generating, via the at least one computing device, a determination whether the supervision is needed based at least in part upon an analysis of a past rate of erroneous detections of defects by the user and the current rate of erroneous detections of defects.
8. The method of claim 7, wherein generating the determination further comprises:
specifying, via the at least one computing device, an error threshold based at least in part upon a comparison of the past rate of erroneous detections of the user with an average rate of erroneous detections associated with a population of users; and
generating, via the at least one computing device, the determination that supervision is needed by comparing the error threshold and the current rate of erroneous detections of defects reported by the user.
9. The method of claim 8, wherein generating the determination further comprises determining, via the at least one computing device, that supervision is needed when the current rate of erroneous detections of defects meets the error threshold.
10. The method of claim 8, wherein specifying the error threshold further comprises modifying, via the at least one computing device, the error threshold in response to a comparison of the past rate of erroneous detections of the user relative to the average rate of erroneous detections.
11. A system, comprising:
a first conveyor system;
a second conveyor system;
at least one computing device; and
a defects analysis application executable in the at least one computing device, the defects analysis application configured to cause the at least one computing device to:
capture a plurality of images of a plurality of sides of a product undergoing inspection on the first conveyor system;
extract a product identifier appearing within at least one of the plurality of images;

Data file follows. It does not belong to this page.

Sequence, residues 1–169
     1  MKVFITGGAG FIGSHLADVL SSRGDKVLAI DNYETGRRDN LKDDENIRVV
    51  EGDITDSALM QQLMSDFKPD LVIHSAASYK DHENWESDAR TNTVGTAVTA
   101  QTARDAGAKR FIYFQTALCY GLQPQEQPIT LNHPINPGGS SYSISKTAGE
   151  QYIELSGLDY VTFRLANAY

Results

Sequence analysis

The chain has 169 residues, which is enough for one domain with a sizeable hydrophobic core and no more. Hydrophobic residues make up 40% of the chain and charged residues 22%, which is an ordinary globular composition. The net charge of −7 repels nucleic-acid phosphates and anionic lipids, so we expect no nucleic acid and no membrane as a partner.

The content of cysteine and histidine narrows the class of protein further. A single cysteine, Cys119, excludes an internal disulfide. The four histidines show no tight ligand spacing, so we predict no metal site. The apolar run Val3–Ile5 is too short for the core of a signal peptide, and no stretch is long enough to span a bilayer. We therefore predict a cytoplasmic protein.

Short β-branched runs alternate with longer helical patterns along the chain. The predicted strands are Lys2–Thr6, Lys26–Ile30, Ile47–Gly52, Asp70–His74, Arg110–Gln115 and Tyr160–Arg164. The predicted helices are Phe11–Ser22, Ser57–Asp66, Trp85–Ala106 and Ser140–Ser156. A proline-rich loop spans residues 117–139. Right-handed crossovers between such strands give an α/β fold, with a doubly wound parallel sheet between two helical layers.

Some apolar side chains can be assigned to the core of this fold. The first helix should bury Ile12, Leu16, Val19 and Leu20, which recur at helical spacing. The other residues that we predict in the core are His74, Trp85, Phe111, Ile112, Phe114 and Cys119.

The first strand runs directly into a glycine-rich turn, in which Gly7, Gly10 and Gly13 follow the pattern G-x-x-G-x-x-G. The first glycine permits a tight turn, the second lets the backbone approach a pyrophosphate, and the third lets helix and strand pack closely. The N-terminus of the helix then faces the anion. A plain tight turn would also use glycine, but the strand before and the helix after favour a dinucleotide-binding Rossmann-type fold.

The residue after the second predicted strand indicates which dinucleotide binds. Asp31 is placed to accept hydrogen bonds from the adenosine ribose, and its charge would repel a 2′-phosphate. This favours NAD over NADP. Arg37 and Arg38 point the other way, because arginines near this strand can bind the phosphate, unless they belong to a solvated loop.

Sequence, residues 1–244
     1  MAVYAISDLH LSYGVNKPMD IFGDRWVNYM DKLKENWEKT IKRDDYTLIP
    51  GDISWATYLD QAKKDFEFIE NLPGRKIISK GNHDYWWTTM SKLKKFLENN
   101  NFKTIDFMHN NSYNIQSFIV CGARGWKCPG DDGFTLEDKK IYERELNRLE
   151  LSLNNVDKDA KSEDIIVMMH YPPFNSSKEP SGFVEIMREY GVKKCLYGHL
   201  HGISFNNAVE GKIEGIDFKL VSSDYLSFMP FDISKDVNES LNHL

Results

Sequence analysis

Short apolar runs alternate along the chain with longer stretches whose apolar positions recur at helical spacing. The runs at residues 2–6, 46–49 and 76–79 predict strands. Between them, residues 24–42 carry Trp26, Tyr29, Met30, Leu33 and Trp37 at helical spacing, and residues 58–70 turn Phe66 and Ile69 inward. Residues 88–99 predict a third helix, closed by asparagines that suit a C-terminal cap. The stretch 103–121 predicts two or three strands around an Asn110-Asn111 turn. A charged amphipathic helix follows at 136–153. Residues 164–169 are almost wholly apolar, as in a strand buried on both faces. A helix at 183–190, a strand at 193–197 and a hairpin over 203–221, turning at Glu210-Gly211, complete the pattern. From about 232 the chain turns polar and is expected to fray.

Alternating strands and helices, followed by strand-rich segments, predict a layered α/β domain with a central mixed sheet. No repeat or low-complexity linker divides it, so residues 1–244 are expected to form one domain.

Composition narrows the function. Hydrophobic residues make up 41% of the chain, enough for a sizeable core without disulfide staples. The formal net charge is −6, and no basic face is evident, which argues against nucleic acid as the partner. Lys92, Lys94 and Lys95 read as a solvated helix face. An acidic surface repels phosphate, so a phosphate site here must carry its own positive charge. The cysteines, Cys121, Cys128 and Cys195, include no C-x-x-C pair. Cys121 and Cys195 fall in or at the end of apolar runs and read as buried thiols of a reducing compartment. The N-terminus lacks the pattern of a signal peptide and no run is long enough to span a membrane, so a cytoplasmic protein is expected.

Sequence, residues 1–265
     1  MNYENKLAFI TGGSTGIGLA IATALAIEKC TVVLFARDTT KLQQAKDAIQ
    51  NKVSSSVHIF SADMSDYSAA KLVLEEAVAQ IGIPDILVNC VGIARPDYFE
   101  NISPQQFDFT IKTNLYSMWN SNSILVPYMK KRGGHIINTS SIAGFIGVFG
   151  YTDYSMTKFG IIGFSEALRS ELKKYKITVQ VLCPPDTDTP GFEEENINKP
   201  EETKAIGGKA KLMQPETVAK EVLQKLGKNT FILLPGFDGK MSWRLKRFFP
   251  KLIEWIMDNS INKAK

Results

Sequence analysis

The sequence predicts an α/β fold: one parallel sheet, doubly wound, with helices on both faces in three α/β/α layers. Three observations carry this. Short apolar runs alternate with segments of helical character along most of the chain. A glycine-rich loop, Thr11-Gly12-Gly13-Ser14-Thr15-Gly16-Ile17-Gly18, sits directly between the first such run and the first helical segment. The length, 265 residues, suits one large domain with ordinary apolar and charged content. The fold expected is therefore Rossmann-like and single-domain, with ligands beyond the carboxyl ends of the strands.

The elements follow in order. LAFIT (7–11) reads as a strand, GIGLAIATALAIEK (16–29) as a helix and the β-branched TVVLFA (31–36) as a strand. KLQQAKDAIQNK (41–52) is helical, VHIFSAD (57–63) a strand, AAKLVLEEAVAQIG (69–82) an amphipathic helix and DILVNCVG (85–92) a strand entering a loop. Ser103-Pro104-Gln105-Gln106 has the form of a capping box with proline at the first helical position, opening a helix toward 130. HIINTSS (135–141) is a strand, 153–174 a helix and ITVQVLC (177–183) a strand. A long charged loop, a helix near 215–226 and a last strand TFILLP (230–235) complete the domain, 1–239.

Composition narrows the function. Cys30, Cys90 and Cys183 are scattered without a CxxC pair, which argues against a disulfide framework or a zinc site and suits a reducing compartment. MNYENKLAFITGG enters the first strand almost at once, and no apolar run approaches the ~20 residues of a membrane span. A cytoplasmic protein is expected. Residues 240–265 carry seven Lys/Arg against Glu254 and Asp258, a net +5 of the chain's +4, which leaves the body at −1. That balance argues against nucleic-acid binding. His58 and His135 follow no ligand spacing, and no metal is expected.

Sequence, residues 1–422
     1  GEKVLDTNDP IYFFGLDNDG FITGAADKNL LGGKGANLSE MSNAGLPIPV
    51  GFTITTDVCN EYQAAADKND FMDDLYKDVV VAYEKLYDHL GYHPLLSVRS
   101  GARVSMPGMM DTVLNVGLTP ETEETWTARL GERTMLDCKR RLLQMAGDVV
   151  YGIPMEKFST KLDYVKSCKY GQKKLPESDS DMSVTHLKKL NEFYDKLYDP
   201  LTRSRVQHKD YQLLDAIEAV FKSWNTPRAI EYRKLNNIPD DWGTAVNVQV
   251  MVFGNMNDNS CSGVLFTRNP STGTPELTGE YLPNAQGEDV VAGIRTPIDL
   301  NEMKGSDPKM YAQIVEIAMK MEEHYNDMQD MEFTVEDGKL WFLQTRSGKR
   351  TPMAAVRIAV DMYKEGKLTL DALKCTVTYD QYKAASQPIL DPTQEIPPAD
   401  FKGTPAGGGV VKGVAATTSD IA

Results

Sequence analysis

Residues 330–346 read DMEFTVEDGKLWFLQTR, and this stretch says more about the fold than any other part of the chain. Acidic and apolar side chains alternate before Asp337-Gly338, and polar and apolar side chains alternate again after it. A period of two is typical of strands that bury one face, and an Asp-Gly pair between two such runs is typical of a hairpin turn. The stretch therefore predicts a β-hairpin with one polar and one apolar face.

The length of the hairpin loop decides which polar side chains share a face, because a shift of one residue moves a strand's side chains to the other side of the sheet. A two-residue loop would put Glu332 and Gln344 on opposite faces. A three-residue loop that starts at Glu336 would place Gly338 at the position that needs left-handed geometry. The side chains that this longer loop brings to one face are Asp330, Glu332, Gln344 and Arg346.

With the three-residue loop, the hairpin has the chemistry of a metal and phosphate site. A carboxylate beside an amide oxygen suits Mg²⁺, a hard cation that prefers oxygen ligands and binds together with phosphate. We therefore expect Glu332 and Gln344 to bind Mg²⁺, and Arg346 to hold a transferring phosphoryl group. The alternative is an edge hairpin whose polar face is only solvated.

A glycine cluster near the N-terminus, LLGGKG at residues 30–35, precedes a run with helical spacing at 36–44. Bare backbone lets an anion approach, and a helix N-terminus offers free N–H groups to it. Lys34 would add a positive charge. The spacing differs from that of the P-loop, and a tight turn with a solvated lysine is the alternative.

identify a vendor profile of a vendor, the vendor profile being associated with the product identifier extracted from the at least one of the plurality of images;
retrieve the vendor profile associated with the product identifier, the product identifier being associated with the product undergoing inspection;
determine that the vendor is associated with a plurality of defective products based at least in part upon a vendor defect history specified in the vendor profile;
initiate redirection of the product to a receiving station via the second conveyor system in response to the vendor being associated with the plurality of defective products, the receiving station comprising an image capture device and a display device;
retrieve a defects report generated by a user performing product inspections at the receiving station from a data store;
determine a level of scrutiny based at least in part on the vendor defect history specified in the vendor profile;
select an inspection sequence for execution based at least in part upon the level of scrutiny; and
capture an image that represents a condition of the product via the image capture device of the receiving station.
12. The system of claim 11, wherein the defects analysis application is further configured to determine whether supervision of the user is needed based at least in part upon a record of past performance by the user.
13. The system of claim 12, wherein the defects analysis application is further configured to cause the at least one computing device to:
generate a first output instructing the receiving station to discontinue further activity by the user;
generate a second output indicating that supervision is needed; and
update a respective user profile in the data store to reflect that the second output indicating that supervision is needed was generated.
14. The system of claim 11, wherein the defects analysis application is further configured to:
generate instructions for the user of the receiving station to capture an image of the product; and